Healthy Cities Help Raise Children

A few years back, our neighbours across the street in our downtown Kitchener neighbourhood (Victoria Park) proudly announced the impending arrival of their firstborn. “Fantastic!”, we said. “A playmate for our own children. More laughter up and down our street!!!” Alas, it was not to pass. The parents-to-be had another plan: a quick getaway to the outskirts of town. “We can’t raise children here. It really would be better for them in the suburbs.” Ouch! We waved goodbye through the exhaust of their moving van, and slunk back to our front porch to ponder our failure as parents. We knew as well as anyone the litany of evil that permeates our culture’s notions of “the City”, in stark contrast to its healthier and morally superior country setting. What were we thinking in exposing our offspring, their minds tender and not yet made up, to straight streets named after citizens, mature trees, and schools with two floors? While we weren’t swaddling them directly in unspoilt nature, couldn’t we at least procure the safety of pastoral scenes but a few subdivisions yonder?

As early as the 1950’s, that prescient urbanist Jane Jacobs lamented the geographic cleaving of North American cities along the lines of age and gender. Communities designed as a daily pattern of break-up, with breadwinners commuting each day to the concrete jungle, leaving the women and children safely ensconced in a more predictable, healthier, and “natural” setting. The gains we have made since those times (for women, for instance) have largely been about participation in this model, not as a fundamental change to it. If anything we have further reinforced the geographic isolation through public school closures and the relocation of high schools out of our downtowns, so that a teenager’s exposure to “life on the streets” is first minimised, and then redefined as a fearful dead end. Our children visit Downtown Toronto more than their own community cores, and they are now a second and third generation removed from any experience of the healthy hustle and bustle of a 1950’s main street.

We have planned our cities to reinforce a perception of urban streets as inherently dangerous. Our media dutifully report and dramatise this state of affairs. Statistics and facts are skewed in support of a powerful piece of urban mythology: Downtown is where the crime is! If we cannot eliminate it, then we should at least contain it geographically. Our hopes for the young and vulnerable are that they be protected from this den of iniquity, only bearing witness to the carnage through the flat screen of NYPD Blue, Cops, and sundry reality shows: the prime-time line-up from which our potential assailants are stereotyped.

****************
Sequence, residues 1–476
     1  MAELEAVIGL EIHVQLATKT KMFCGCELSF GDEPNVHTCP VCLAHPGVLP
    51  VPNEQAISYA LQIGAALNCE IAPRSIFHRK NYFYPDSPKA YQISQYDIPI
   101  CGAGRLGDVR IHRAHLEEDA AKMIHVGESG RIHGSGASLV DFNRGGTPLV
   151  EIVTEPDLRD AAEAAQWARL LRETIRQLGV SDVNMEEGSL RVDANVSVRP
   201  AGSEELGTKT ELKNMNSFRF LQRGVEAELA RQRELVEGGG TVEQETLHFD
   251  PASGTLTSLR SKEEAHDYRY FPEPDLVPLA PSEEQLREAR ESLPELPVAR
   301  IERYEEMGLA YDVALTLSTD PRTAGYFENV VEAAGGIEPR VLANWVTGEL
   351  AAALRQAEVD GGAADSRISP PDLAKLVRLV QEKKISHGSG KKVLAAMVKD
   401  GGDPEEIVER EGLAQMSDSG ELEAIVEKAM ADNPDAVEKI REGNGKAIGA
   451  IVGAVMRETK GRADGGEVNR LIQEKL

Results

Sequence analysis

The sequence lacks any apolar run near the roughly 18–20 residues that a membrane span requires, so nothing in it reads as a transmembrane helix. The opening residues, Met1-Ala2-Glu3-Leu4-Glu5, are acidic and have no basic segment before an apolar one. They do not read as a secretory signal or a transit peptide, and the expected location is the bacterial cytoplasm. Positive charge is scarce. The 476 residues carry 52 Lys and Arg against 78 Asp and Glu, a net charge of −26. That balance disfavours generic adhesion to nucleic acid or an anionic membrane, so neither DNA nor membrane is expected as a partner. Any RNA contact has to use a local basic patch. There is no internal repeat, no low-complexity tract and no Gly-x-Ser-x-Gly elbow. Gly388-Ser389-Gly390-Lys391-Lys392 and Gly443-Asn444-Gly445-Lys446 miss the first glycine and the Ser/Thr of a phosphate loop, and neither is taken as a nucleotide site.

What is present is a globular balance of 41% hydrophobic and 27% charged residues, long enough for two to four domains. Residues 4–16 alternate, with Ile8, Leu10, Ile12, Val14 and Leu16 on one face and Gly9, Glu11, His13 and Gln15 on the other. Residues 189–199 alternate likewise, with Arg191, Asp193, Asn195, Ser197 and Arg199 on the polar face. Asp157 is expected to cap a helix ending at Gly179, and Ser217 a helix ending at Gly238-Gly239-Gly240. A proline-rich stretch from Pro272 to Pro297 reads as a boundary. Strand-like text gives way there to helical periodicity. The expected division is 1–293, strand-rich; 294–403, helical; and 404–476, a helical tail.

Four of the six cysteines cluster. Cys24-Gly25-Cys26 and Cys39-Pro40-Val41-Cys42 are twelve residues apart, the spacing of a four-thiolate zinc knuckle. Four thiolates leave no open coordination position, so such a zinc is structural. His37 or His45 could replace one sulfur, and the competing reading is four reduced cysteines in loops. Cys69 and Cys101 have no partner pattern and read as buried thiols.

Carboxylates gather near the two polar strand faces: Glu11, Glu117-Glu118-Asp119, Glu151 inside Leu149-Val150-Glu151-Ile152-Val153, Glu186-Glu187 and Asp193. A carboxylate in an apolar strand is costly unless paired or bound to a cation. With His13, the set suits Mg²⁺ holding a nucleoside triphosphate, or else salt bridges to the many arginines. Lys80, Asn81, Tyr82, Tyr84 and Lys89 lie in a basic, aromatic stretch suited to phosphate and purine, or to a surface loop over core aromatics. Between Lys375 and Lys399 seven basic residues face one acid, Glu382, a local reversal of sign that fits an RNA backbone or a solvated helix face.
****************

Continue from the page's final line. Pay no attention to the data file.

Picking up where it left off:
Urban districts that do not include for children must surely be condemned as inadequate. The active presence of children is a fundamental measure for the health of our streets. Where they are absent, our design has failed. It is unfortunate that we have so few examples in North America for the integrated design of schools, shops, work, entertainment, recreation space, cultural experience, and accommodation within one geographic district. The City of Vancouver and other municipalities that lack a farm belt into which they might endlessly expand are leading the search for this new city form, and a return to a sustainable urban model for living. In the words of Larry Beasley, former Director of Planning for the City of Vancouver: “without its comprehensive ‘living first’ strategy, Vancouver would be lightyears behind where it needs to be. Most of all, the city would not have realized its dream for an urban lifestyle that will draw people back from their 50-year romance with the suburbs, bringing with them their resources, energy, and creativity to build the kind of remarkable city that an extraordinary natural setting and the city’s people so richly deserve.” Sound appealing? This weekend, why not explore a new frontier.  Bring your kids downtown.

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